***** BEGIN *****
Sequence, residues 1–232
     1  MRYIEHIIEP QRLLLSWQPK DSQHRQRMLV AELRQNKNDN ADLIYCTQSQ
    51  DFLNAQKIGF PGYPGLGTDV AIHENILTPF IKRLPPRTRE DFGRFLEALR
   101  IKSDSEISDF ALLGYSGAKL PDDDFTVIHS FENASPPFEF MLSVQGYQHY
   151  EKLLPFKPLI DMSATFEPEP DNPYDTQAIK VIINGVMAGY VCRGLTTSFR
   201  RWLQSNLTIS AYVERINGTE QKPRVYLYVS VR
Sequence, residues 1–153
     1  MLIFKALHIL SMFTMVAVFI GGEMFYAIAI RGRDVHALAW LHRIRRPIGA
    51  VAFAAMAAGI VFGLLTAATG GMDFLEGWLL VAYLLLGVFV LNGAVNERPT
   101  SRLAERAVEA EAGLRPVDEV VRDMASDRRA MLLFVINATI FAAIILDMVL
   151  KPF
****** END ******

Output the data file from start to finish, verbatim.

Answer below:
Sequence, residues 1–232
     1  MRYIEHIIEP QRLLLSWQPK DSQHRQRMLV AELRQNKNDN ADLIYCTQSQ
    51  DFLNAQKIGF PGYPGLGTDV AIHENILTPF IKRLPPRTRE DFGRFLEALR
   101  IKSDSEISDF ALLGYSGAKL PDDDFTVIHS FENASPPFEF MLSVQGYQHY
   151  EKLLPFKPLI DMSATFEPEP DNPYDTQAIK VIINGVMAGY VCRGLTTSFR
   201  RWLQSNLTIS AYVERINGTE QKPRVYLYVS VR
Sequence, residues 1–153
     1  MLIFKALHIL SMFTMVAVFI GGEMFYAIAI RGRDVHALAW LHRIRRPIGA
    51  VAFAAMAAGI VFGLLTAATG GMDFLEGWLL VAYLLLGVFV LNGAVNERPT
   101  SRLAERAVEA EAGLRPVDEV VRDMASDRRA MLLFVINATI FAAIILDMVL
   151  KPF